Then add the 2 corn on the cob that has been cut into smaller pieces. Cook for about 5-8 minutes. Throw in the several bunches bok choy with leaves separated. Let the broth come to a boil again. Cover and remove from heat.
Serve with steamed white rice and a dipping sauce of calamansi and patis (fish sauce). Our family prefers a combination of calamansi and soy sauce. You can substitute lemon for calamansi.
I am used to having a side dish of vegetable during mealtimes, specially at dinner. This was just something that my mom and maternal grandmother have always done as far as I remember. So I picked up this habit and have always made sure we have a side of vegetables specially if our dish does not contain any type of greens.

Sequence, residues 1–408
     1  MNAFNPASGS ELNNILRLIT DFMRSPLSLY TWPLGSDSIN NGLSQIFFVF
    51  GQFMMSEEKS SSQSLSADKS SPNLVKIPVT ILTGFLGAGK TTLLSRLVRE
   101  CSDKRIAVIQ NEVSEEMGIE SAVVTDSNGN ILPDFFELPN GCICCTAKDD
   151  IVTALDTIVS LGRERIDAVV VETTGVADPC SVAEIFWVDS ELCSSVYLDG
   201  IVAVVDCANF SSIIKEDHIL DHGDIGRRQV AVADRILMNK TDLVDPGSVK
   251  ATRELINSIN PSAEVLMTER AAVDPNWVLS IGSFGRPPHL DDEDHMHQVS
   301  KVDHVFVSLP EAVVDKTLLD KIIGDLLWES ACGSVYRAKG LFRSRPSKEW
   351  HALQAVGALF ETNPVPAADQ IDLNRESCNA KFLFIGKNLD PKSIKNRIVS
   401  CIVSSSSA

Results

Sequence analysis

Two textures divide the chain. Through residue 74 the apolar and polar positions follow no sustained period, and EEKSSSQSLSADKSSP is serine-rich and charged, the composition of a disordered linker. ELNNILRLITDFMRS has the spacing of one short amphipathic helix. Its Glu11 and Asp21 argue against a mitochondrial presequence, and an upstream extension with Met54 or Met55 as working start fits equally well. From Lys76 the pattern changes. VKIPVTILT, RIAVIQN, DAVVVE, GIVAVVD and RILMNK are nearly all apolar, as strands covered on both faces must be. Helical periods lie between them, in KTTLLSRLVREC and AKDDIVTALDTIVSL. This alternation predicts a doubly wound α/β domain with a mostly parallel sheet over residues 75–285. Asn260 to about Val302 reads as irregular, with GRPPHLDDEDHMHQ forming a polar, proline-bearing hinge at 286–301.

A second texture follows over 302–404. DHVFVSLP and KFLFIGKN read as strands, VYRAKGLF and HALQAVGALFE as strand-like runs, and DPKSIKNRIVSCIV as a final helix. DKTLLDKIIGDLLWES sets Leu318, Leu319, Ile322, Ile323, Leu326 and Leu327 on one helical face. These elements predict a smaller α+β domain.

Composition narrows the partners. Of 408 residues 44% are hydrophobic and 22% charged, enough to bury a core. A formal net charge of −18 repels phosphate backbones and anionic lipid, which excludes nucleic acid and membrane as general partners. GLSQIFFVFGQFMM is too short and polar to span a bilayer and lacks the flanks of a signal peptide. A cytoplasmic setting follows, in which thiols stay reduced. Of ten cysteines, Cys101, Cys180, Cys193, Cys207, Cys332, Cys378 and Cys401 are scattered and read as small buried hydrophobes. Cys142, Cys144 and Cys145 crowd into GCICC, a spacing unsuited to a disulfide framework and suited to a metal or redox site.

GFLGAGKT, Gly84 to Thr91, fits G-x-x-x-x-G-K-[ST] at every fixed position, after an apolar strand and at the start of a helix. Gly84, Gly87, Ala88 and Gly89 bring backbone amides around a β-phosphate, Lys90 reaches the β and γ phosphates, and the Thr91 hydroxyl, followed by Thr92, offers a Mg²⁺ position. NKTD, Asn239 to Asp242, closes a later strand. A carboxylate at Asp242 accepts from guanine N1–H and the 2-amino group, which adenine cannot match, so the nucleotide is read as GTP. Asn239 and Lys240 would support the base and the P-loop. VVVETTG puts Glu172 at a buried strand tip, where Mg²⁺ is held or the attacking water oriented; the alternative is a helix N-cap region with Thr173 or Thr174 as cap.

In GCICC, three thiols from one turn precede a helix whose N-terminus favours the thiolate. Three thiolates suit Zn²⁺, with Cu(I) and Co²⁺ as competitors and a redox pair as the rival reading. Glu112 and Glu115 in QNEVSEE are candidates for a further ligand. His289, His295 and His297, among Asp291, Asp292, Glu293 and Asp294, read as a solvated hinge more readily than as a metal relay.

I just don’t make elaborate or complicated vegetable dishes like my mom and grandmother. I must confess, it was too much work for me then with too small children to care for. So I resorted to just making simple steamed veggies like brocolli, asparagus and beans. But our favorite is stir fried Asian greens such as yuchoy, bok choy, Chinese brocolli to name a few. If you want to learn more about Asian greens here is an easy guide for you to read.
Stir fried snow pea leaves is something that you always see at Cantonese restaurants. It’s somewhat hard to find these here in our area, the only place I have seen these is at 99 ranch. I was lucky enough that when I was shopping for it, the lady from the grocery store helped me pick the best from the pile.